Thanks to its rich wildlife, the area is very popular with bird lovers and anyone interested in nature.
The Delta also has secluded beaches allowing for relaxing breaks from exploring the area.
Head to the beach at Sfantu Gheorghe and visit its restaurant, which serves fish caught in the Delta.
Danube Delta is at Tulcea County.
4- Berca Mud Volcanoes
Berca Mud Volcanoes are an incredible and rare geological landmark in Eastern Romania.
As natural gasses rise to the surface, thick mud and salty water begin to bubble.
The constant bubbling of the mud has resulted in conical volcanic shapes as the mud dries on the surface.
Due to the minerals in both the mud and saltwater, the mud volcanoes range from earth tones to dark yellows.
Despite the mud being thick and rich in salt, some plants thrive here.
As only 2% of the world’s plants can tolerate salty conditions, the area has become a nature preserve to protect the plants.
Berca Mud Volcanoes is at Pâclele 127041.
5- Scarisoara Cave
Scarisoara Cave is a natural wonder of Romania as it houses the most extensive underground glacier in the country.
Nature created the glacier due to ventilation within the cave, allowing for the perfect climate for glaciers to form.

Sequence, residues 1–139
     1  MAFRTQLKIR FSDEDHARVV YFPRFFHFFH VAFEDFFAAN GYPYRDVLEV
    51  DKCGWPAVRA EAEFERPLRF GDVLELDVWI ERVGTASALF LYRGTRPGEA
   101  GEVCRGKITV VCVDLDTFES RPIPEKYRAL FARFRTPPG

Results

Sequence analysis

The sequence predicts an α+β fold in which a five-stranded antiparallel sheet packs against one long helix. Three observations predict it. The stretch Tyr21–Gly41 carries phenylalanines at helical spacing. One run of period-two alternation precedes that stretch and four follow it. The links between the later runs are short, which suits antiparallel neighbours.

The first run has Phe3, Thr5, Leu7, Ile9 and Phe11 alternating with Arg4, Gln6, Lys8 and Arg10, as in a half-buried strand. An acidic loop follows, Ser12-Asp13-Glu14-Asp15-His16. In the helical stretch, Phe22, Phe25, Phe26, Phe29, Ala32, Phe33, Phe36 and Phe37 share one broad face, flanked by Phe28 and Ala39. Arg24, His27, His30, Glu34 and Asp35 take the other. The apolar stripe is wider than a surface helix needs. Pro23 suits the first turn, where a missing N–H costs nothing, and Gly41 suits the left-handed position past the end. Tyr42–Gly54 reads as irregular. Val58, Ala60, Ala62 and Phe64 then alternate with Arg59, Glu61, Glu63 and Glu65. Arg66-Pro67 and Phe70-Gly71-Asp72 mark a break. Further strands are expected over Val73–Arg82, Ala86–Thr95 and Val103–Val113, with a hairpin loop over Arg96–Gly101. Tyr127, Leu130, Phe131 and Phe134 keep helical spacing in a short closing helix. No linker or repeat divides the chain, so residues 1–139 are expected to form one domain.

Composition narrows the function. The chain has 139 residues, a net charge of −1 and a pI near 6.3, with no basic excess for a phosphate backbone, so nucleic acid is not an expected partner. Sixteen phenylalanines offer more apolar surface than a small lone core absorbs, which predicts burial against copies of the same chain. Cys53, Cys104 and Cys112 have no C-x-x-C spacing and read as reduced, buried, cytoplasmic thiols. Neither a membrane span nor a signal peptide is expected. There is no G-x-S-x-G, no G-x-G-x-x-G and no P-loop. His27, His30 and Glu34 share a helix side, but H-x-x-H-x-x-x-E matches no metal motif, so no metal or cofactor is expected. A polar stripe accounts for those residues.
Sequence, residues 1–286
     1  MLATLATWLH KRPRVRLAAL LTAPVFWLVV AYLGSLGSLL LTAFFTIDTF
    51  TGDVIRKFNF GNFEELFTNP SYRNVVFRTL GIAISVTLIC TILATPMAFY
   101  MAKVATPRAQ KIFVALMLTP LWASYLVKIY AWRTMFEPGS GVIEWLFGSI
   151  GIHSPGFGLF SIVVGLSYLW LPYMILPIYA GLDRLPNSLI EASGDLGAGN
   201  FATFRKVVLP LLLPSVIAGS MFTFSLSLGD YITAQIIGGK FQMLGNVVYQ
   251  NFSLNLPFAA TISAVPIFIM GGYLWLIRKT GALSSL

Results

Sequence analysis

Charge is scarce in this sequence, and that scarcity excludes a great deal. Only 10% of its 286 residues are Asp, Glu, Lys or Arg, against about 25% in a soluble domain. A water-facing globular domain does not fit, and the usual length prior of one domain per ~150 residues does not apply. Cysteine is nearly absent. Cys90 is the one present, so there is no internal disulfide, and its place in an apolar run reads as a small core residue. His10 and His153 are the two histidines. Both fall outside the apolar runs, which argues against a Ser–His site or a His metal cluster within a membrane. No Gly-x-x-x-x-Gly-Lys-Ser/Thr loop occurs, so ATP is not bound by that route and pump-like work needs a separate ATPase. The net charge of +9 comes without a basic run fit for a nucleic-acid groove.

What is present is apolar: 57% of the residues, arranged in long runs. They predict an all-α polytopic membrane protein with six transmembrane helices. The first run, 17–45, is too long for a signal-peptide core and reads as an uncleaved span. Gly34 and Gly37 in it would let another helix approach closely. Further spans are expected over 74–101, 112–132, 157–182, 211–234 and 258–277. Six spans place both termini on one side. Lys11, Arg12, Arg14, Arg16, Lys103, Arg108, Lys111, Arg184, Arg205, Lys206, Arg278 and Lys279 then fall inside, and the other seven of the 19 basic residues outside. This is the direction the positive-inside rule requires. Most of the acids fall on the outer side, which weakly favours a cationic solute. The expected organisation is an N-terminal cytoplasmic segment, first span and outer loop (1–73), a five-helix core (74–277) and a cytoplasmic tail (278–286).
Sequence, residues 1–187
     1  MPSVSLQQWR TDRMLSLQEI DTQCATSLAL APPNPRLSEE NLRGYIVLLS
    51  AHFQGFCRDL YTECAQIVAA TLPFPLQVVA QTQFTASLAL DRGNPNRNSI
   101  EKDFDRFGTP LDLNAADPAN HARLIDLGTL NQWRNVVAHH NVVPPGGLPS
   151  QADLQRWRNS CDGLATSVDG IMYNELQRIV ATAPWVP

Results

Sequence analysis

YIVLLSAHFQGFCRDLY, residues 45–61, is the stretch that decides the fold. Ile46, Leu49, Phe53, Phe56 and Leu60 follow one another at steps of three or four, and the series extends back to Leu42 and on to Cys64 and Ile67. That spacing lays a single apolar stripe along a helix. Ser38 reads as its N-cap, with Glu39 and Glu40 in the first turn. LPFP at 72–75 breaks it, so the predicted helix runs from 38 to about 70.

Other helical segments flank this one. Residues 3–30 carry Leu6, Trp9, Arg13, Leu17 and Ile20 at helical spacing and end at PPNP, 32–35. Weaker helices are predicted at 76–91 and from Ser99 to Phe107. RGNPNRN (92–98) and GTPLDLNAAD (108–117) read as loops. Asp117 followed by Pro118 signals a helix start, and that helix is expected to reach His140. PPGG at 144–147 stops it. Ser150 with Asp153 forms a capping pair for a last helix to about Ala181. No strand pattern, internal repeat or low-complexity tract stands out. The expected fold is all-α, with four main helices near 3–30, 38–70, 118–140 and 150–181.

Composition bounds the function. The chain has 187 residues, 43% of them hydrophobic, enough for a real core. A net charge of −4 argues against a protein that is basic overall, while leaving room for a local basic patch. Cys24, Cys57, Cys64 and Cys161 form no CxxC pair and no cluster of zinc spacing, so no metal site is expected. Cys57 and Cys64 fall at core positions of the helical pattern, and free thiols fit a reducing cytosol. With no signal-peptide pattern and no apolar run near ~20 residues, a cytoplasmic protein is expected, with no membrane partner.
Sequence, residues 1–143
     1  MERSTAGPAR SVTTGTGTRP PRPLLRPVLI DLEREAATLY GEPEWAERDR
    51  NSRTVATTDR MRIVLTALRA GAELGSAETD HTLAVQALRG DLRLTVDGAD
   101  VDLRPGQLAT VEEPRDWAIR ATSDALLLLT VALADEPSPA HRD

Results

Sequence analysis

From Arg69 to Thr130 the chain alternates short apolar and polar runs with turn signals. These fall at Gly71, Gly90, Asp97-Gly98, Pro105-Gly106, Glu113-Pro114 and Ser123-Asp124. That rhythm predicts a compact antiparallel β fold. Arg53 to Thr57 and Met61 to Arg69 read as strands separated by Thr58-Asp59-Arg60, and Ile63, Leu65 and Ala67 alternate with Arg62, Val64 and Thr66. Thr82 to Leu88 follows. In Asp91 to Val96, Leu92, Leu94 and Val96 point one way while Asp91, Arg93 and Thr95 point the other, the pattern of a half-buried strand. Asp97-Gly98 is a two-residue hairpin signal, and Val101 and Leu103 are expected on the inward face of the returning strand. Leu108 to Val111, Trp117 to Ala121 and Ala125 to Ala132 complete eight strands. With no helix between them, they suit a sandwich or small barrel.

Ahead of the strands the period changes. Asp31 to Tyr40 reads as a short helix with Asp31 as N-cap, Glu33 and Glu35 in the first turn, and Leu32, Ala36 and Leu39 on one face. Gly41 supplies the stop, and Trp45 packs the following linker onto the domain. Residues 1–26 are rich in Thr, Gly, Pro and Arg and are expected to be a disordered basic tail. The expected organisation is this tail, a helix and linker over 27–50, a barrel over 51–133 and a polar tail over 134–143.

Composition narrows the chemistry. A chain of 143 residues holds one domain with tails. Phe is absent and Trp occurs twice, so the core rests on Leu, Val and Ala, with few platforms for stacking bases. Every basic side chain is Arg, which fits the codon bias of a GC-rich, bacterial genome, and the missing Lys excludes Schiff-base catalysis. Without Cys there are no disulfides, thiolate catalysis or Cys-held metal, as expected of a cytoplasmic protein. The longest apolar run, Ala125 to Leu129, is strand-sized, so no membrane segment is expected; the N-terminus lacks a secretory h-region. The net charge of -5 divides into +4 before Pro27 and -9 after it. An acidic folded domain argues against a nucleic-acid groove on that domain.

It has served as a tourist destination since 1847 and was extensively charted in 1863.
Adolf Schmidlm, an explorer with excellent knowledge of the Apuseni Mountains, made two detailed cave sketches.
The cave is a natural monument that is protected by the government, allowing scientists to carry out experiments in a controlled environment that will not harm the geological phenomena.
It has also allowed Romania to preserve this incredible natural landmark.
Scarisoara Cave is at DN75 54, Gârda de Sus 517321.
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6- Retezat Mountains
The Retezat Mountains is part of the Southern Carpathians that run through Romania.
The highest peak in the range is Peleaga at 2509m (8232ft).
The range is a must-visit for keen hikers, as it has numerous glacial lakes and pools and densely forested areas.
One of the famous lakes in the range is Bucura Lake which is 2030m (6660ft) above sea level.
More than a third of all native plant species in Romania thrive within the range, including alpine species such as edelweiss and Swiss pine.
Retezat Mountains is at Nucșoara 337423.
7- Babele Mountain Peak
Babble translates to ‘the old woman’, which is an appropriate name for this Romanian natural landmark.
The peak is dotted with unusual rock formations, including the famous Sphinx.
Many of the rocks are shaped to resemble recognisable icons like mushrooms, or old women hunching over.
The rocks were created through wind and rain erosion, resulting in unique formations.
As they were eroded, many layers of rock became visible.
The peak has a chalet which is reachable by cable car and offers accommodation and food for visitors.
There are also many hikes to reach the peak, each taking in the spectacular scenery.
Babele Mountain Peak is at Busteni.
8- Ceahlau Mountain
Ceahlau Mountain is popularly known as Romania’s Olympus.
This spectacular mountain is the oldest mountain within the Carpathian range.